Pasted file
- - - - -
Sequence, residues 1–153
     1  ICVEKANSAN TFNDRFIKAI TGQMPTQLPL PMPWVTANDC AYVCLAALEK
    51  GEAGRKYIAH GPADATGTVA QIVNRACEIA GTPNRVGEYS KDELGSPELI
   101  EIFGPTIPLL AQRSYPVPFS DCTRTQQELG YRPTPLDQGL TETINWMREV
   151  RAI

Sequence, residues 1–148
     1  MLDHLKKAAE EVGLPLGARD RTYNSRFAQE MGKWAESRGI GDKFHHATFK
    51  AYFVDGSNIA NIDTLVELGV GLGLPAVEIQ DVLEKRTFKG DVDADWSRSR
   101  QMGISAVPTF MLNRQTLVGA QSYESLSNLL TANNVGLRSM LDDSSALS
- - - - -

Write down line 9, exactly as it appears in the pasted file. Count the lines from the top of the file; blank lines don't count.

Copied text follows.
   101  QMGISAVPTF MLNRQTLVGA QSYESLSNLL TANNVGLRSM LDDSSALS